In that quiet corner of Germany on the Dutch border, the tranquil calm of Easter Sunday, 4 April 1999, was shattered by the roar of six RAF Tornados launching into the night. They were loaded with Paveway Laser Guided Bombs (LGBs) and Thermal Imaging Laser Designators (TIALDs), armed with Sidewinder Missiles and Mauser Cannon and equipped with a defensive suite of Boz chaff dispensers and Skyshadow Electronic Countermeasures (ECM) pods; they were bound for Serbian targets in Kosovo. This was Operation Engadine – and the risks were high.
The Rambouillet Accord having failed to bring peace to the Balkans, and with Serbian ‘ethnic-cleansing’ continuing, all leave at RAF Brüggen had been cancelled , the Station went to 24 hour manning and No 14 Squadron, commanded by Wg Cdr Tim Anderson, made ready for war.
The campaign was run in four day cycles. The first day was devoted to intelligence briefings and detailed planning for the sortie which was to follow on the next night, the final two days being spent in debriefings and personal administration. Some of the crews had been ‘blooded’ in the Gulf War, eight years before, but the majority were about to get their first baptism of war, and apprehension was palpable throughout the Station.
The outbound trips were challenges in themselves, sometimes flown in poor weather, with success dependent on several sometimes difficult air refuelling from VC10 or Tristar tankers, particularly when the heavily loaded Tornados were in and out of cloud and turbulent air. They then had to face the formidable Serbian Surface-to-Air Missiles (SAM) and Anti-Aircraft Artillery (AAA), and take on more fuel to complete the eight hour round trips.
They would not be on their own. Approaching hostile airspace they could expect support from Airborne Warning and Command and Control (AWACS) aircraft, US EA6B Prowler ECM aircraft, F16s for Suppressing Enemy Air Defences (SEAD) and fighter cover from US F15s.
Provided the TIALD designators could ‘see’ their targets, the LGBs were delivered from 20,000 ft, generally out of reach of most Serbian guns, but not the SAM, and most crews were engaged by AAA or SAM – or both – and had to drop their external fuel tanks to take effective evasion action. They spoke of surreal pin-points of light chasing them through the night, seemingly innocuous but of course potentially lethal.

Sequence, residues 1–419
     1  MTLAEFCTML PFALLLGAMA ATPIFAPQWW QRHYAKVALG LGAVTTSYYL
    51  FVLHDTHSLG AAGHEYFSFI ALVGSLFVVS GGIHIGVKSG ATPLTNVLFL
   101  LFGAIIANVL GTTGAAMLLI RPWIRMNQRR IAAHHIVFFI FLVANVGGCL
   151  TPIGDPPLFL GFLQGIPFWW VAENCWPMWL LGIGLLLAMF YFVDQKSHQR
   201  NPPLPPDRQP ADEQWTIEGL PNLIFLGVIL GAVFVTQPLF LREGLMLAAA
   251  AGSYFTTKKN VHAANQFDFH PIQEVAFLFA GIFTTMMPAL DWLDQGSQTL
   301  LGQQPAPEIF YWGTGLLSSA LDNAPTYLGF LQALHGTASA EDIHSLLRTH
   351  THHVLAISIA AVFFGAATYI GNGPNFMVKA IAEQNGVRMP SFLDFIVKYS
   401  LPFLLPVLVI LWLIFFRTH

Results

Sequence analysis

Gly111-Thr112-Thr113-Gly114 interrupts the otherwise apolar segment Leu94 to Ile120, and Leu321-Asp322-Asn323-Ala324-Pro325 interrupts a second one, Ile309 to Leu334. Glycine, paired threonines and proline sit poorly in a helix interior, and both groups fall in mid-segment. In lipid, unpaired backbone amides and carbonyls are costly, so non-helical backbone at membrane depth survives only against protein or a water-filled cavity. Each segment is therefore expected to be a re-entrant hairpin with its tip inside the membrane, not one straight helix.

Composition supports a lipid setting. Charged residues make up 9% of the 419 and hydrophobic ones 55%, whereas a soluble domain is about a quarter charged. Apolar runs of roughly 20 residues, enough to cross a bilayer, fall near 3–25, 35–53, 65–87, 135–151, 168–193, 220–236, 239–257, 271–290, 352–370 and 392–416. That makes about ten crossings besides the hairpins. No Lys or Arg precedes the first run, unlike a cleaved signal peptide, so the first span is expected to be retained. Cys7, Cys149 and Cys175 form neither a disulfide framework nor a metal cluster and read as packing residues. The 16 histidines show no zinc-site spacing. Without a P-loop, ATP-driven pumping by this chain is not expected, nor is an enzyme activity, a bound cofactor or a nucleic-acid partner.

Back at Brüggen the working day for most, crucially the Tornado groundcrews who worked 12 hours a day, 7 days a week, would begin with breakfast in the early evening, and continue throughout the night as they waited anxiously for the bomber and tanker crews to arrive back at dawn, to dinner and a few beers before taking to their beds. An uncharacteristic daytime quiet then descended on the Station, allowing the night time warriors some all-important sleep.
By 29 May, having flown 130 Engadine sorties direct from Germany, a number of Brüggen Tornados from Nos IX and 31 Squadrons deployed to Solenzara, a French base in Corsica, closer to their targets, to complete the campaign.
So ended Operation Engadine; Brüggen had done all that was asked of it, achieving a high success rate and contributing much to the uneasy peace which finally settled over the Balkans – and all their airmen had survived.
Read more in Nigel Walpole’s upcoming release, Seek and Strike which is available to preorder here.